Wednesday, August 19, 2009


T. is a former car mechanic who moved to southern France fourteen years ago to up his quality of life. With nothing much else to do, he became absorbed by what the local “patrimoine” had to offer, and that is winemaking.

Winemaking in France is a strictly regulated business: to be official, a “Marianne,” equivalent in many ways to the medallion on New York taxis, must bestow a recognized product. But for small producers, driven more by passion than profit, taxes and other nuisances are too great to make the endeavor worth it. So they go illegal. T., for example, makes wine in his garage.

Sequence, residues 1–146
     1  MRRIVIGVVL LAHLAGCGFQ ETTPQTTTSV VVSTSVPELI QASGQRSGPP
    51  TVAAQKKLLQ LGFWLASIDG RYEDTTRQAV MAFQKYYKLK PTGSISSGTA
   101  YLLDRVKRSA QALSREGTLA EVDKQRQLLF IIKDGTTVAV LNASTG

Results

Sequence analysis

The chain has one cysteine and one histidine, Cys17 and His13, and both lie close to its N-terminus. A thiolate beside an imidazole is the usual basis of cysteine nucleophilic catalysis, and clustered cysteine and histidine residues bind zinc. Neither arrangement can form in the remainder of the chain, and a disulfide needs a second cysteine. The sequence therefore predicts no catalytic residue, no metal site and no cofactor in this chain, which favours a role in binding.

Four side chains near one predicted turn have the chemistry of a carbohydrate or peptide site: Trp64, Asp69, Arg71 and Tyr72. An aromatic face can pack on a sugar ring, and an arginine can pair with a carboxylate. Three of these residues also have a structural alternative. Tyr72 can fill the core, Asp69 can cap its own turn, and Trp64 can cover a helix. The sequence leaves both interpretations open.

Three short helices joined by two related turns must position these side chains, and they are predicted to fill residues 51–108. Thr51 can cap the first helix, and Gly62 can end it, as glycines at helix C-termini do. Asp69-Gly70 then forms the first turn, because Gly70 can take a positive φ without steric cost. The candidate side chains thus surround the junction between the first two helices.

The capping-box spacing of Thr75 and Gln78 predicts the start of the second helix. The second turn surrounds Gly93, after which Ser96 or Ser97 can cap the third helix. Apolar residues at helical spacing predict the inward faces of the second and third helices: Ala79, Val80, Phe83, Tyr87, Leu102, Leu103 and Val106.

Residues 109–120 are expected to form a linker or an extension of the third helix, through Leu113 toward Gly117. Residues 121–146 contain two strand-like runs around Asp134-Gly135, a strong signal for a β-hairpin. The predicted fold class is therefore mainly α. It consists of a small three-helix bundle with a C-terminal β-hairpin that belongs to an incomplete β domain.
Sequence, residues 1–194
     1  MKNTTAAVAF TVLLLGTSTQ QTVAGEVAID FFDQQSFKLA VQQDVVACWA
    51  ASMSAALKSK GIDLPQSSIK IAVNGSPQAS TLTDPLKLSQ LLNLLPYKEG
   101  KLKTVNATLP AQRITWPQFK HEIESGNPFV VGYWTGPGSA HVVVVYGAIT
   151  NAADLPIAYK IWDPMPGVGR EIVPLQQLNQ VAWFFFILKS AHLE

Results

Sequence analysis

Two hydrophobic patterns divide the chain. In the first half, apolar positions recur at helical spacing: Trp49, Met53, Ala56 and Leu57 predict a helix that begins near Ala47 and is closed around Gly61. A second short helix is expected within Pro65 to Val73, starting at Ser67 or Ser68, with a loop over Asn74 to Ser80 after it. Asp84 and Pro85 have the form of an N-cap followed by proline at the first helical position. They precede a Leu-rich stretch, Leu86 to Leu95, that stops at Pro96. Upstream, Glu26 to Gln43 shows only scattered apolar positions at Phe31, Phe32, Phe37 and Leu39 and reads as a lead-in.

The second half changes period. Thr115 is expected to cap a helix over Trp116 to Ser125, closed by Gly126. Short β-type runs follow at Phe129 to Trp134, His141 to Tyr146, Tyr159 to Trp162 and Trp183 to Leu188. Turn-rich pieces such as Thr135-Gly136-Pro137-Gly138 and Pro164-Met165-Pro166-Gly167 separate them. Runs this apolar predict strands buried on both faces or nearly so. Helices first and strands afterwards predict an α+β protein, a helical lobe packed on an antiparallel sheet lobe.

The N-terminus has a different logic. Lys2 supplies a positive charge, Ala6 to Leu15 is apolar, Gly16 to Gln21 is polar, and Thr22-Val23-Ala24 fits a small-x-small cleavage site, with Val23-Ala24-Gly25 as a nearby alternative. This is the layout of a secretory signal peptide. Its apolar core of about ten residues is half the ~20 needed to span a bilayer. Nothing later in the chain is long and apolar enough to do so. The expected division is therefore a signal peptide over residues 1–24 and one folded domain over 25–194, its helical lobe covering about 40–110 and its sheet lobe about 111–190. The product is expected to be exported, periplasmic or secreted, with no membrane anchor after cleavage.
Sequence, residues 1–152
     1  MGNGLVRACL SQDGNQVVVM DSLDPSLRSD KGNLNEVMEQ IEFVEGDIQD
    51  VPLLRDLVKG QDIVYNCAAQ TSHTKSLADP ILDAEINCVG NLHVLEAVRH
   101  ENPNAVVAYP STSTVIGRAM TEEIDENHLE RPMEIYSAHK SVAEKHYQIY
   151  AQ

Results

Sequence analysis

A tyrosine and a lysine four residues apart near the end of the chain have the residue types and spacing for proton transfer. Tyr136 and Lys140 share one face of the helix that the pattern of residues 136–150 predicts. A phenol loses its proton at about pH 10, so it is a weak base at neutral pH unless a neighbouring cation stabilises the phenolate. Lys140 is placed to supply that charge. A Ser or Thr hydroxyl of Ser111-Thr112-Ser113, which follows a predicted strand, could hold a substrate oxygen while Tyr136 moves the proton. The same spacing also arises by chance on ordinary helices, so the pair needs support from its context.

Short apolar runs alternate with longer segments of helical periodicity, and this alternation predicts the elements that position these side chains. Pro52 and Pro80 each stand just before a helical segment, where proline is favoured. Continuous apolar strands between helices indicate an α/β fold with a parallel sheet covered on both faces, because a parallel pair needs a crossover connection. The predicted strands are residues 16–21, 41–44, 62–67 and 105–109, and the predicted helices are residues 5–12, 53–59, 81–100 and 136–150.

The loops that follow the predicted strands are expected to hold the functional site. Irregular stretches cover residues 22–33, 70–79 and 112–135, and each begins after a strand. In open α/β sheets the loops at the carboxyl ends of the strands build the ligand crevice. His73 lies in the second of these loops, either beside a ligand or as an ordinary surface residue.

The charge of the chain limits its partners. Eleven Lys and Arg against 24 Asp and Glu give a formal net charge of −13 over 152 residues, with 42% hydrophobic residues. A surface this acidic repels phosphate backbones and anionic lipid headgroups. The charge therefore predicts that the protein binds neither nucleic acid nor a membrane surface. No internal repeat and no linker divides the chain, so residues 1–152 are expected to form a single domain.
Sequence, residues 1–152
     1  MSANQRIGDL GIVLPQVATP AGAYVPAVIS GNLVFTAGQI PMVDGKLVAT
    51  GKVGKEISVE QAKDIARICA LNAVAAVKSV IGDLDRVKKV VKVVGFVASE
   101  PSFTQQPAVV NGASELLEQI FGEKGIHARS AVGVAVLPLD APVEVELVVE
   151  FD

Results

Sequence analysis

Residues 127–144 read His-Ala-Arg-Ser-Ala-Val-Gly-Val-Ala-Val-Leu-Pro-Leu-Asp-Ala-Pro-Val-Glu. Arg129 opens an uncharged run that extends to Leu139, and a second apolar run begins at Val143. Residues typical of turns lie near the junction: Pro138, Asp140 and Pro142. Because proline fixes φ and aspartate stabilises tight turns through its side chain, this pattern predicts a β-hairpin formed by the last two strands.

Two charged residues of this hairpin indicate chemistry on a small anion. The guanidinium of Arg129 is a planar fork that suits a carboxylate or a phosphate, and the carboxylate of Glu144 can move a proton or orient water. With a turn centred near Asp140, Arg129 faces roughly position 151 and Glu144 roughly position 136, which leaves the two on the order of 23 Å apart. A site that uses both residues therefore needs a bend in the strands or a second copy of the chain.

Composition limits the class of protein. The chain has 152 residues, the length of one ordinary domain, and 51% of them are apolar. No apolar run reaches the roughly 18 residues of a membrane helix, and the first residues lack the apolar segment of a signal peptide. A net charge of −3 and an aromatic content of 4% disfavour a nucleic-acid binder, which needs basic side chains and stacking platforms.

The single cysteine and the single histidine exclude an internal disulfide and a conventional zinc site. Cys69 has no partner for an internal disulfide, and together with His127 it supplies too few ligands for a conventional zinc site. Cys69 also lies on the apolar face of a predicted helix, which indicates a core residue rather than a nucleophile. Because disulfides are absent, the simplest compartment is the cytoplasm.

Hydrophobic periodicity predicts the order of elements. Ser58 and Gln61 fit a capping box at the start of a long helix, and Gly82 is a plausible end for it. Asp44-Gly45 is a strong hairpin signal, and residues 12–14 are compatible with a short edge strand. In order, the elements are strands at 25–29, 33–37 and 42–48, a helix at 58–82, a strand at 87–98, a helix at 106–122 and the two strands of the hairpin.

Our conversation during the tasting revolved around the effect the wind has on bottling; around how wine is alive and how, once bottled, it will change as the grapes in the vineyard miles away change (unless of course it is “pasteurized” and killed as mass market wines are); around how some taste figs, while others taste crystal clearness at the back of their tongue.

But as New York stress seeps back into my bones, this experience is already fading, just like the sound of that undeniably European moped speeding by the window and around the bend.

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